Testing for Trouble
In the first two months of 2010 alone, 1,223 new vulnerabilities were added to the Open Source Vulnerability Database, a project designed to gather reports about security issues in all types of software. It’s not unusual, then, for a company that relies on software to have thousands of vulnerabilities spread across various systems.
But there’s a difference between a vulnerability and a real risk, says Corey Thomas, executive vice president of the Boston-based computer security firm Rapid7. If it’s difficult for an attacker to exploit a vulnerability, Thomas says, then it doesn’t amount to much of a threat.
Last year, Rapid7 acquired Metasploit, an open-source framework that tests systems for security holes, thus helping organizations separate threats from mere vulnerabilities. Metasploit’s researchers and members of the open-source community use various strategies to stay on top of the vulnerabilities that attackers actually use, including watching news reports and monitoring systems designed to trap malware. The researchers can then create modules to see how systems would respond to an attack. Metasploit modules work the same way malicious software would, except that the user controls what the software does to the system after a breach is found. This lets users identify where they’re at risk without suffering any damage.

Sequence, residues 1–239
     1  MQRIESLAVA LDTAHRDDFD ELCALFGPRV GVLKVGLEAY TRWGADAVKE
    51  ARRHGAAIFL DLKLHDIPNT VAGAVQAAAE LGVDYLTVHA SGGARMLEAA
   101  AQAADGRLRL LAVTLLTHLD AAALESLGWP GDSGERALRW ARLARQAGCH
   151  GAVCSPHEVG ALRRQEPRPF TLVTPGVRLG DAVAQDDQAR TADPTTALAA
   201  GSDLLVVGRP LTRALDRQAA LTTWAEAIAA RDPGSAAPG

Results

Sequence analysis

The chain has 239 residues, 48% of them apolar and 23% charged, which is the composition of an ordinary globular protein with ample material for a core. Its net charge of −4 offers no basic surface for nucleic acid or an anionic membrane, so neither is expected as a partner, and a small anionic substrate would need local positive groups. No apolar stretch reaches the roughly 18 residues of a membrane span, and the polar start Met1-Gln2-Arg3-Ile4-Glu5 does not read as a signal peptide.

Rapid7 maintains Metasploit as an entirely free, open-source project. It makes money by selling products that build on Metasploit or offering businesses additional services. But the very openness and easy availability of Metasploit modules suggest another problem. Rapid7 feared that acquiring Metasploit would cause a backlash from customers worried that the tool might help attackers. Thomas’s argument is simple: “Do you want the information and knowledge to be accessible to you, or do you want it to be hidden and used by only the people who are malicious?”
Rapid7’s first product based on Metasploit streamlines the testing process and makes it easier for nontechnical users to check their systems. Now the company will focus on creating more products to help customers identify the problems in their systems and fix them efficiently.
Geoffrey Hinton tells us why he’s now scared of the tech he helped build
“I have suddenly switched my views on whether these things are going to be more intelligent than us.”
ChatGPT is going to change education, not destroy it
The narrative around cheating students doesn’t tell the whole story. Meet the teachers who think generative AI could actually make learning better.
Meet the people who use Notion to plan their whole lives
The workplace tool’s appeal extends far beyond organizing work projects. Many users find it’s just as useful for managing their free time.
Learning to code isn’t enough
Historically, learn-to-code efforts have provided opportunities for the few, but new efforts are aiming to be inclusive.
Get the latest updates from
MIT Technology Review
Discover special offers, top stories, upcoming events, and more.